Does your commitment to strategic planning quench the Holy Spirit? Should a Christian ministry do strategic planning at all? A brief study of Paul’s second missionary trip will provide the answer.
Paul’s first missionary trip was very fruitful due to the many churches he planted in Asia. Good leadership and strategic planning would dictate a return trip to ensure the churches were growing as they should and to further strengthen them, and that is what Paul intended to do (Acts 15:36). He left Antioch after his church commended him to God with this mission in mind (v. 40).
Significantly, although the Holy Spirit gave specific instructions for the first trip, there is no mention that Paul received any direction from the Holy Spirit at all for this trip. The way Luke tells the story, any reader would think that Paul’s plans are plain good sense and are just what they would have done if they had been in his sandals. There is no foreshadowing of trouble at all. Luke could have written, “But he failed to consult the Lord” to alert his readers to what was to come, but he didn’t. Luke wanted us to experience the Holy Spirit pretty much as Paul did, so that the lesson would be all the more forceful for us today.
After visiting the churches Paul tries to venture further into Asia, but each time discerns the Spirit withholding his permission. The frustration of Paul’s Asian plans mounts until finally, in a dramatic vision, the Spirit reveals to Paul what his mission trip is really about and calls him to Macedonia in Europe. By blocking Paul from going deeper into Asia, the Holy Spirit was gradually corralling him into a port city from which he could easily embark on a ship to the place he wanted Paul to go. At least this time God used a ship to transport Paul’s team and not, as he did with Jonah, a great fish! But then, Paul didn’t run from his call.
Robert Tannehill wrote a brilliant narrative analysis of Luke-Acts and in Volume Two: The Acts Of The Apostles writes that:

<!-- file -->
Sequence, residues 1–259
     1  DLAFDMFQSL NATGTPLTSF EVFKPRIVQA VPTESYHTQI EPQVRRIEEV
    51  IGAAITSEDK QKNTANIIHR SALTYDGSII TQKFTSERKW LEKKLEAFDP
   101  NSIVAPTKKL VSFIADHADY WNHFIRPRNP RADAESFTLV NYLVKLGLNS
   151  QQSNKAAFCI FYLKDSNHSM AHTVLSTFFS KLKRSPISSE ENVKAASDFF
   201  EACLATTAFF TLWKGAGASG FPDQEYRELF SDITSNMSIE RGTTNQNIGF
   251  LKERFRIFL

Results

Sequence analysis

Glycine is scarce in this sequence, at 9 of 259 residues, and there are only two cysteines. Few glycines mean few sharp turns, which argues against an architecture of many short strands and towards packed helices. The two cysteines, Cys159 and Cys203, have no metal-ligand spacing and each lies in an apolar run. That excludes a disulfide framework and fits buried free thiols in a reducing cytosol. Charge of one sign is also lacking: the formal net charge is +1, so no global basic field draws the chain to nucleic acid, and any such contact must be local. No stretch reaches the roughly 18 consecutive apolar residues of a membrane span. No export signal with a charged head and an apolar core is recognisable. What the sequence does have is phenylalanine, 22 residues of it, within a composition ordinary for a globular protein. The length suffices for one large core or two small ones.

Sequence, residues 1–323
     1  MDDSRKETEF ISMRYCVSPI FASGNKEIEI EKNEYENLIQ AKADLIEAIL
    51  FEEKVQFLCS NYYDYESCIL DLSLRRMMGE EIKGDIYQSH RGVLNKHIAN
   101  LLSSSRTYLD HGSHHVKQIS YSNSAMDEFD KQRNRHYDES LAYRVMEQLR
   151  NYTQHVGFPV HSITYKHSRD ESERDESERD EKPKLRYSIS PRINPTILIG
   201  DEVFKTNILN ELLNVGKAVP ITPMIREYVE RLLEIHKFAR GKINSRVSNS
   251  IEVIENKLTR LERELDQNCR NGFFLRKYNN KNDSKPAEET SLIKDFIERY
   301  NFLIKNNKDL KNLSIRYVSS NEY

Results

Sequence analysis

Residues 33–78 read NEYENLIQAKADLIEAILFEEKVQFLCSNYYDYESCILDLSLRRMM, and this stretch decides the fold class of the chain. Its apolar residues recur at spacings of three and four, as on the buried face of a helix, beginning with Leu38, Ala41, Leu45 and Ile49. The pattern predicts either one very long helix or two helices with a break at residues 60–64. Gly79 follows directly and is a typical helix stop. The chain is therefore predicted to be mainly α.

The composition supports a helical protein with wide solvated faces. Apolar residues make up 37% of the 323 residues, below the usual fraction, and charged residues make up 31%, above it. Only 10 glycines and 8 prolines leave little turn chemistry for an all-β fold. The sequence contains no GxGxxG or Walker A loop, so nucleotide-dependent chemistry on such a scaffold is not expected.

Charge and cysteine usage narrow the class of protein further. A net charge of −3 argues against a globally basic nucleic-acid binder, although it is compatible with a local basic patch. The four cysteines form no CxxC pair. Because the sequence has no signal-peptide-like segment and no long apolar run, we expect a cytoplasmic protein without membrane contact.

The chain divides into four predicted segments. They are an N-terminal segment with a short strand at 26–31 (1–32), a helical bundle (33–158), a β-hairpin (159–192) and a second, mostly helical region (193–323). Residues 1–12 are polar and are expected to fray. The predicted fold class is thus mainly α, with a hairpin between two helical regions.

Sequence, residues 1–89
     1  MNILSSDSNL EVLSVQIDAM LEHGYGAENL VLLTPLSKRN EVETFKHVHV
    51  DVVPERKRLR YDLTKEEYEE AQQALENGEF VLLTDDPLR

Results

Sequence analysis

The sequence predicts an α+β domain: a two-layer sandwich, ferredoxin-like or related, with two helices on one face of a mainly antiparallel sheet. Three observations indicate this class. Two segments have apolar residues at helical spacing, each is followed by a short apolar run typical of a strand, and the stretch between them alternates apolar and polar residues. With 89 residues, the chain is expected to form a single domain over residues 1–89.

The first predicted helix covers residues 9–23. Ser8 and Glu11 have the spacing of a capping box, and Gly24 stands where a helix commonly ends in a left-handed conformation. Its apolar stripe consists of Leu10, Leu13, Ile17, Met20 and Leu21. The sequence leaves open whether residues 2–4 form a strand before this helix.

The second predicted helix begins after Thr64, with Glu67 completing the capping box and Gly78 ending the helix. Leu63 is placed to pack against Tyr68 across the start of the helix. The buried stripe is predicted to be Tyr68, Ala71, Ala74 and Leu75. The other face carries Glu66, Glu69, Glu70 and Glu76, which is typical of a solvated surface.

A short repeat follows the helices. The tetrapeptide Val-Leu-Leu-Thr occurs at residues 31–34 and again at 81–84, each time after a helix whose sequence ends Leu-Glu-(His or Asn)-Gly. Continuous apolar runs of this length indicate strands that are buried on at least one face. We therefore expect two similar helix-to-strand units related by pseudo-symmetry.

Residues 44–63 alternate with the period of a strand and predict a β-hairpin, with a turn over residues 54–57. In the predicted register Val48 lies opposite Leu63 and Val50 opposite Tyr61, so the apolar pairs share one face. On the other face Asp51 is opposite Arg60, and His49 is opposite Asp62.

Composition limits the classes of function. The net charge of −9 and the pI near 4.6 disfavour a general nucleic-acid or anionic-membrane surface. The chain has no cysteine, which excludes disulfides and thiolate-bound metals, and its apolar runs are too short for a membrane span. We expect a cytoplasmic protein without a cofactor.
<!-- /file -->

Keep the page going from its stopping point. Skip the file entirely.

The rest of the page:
The narrator shows a keen interest in the dialogue between human purpose and divine purpose, indicating that Jesus’ witnesses, too, must patiently endure the frustration of their own plans in order to discover the opportunity that God holds open. This opportunity may not be the next logical step by human calculation.
The Gospel of Luke shows the Holy Spirit guiding Jesus at every step of the way and he continues to guide the church in Acts. God interrupting human plans is a central theme in Acts. Just as the Spirit interrupted Paul’s planned visits to Asia, so he interrupted Peter’s planned visits to the Jewish church in diaspora (Acts 10:10-20) and directed and even moved Philip to the places he needed him (Acts 8:26-40). God’s plans were not what the apostles had in mind. But to the benefit of the entire church throughout the ages since, the apostles trashed their own plans and and followed God. Later the other apostles supported the new dimensions of mission introduced by Peter and Paul as they deviated from their own plans and accepted God’s plans (Acts 11 and 15).
From a planning standpoint, the essential point Luke makes is that it is the Lord who directs Christian missions. The book should really be called “Acts of the Holy Spirit,” not “Acts of the Apostles” because the book tells the continuing story of what Jesus only began to do and teach in the Gospel of Luke. (I think it was Dr. Roger Stronstad who said this in a seminary class.)
Luke wants his readers to know that when the Spirit gave clear direction to Paul to start out on an entirely new mission, the conversion of Europe (a mission that was not at all contemplated in Antioch and that was completely outside the scope of his intended journey), Paul immediately followed the Spirit’s direction, just as we should today.
Many people regard Acts simply as a history book. It does tell the history of the early church, and Luke did intend to bolster our faith by informing us of its origins (Luke 1:1), but that’s not the only reason why Luke wrote it. Luke tells of the origin of our faith, and Acts is a manual for how the church should faithfully go about its work as a Spirit-led church. Its purpose is to encourage and inspire us as we continue to fulfill the church’s mission today.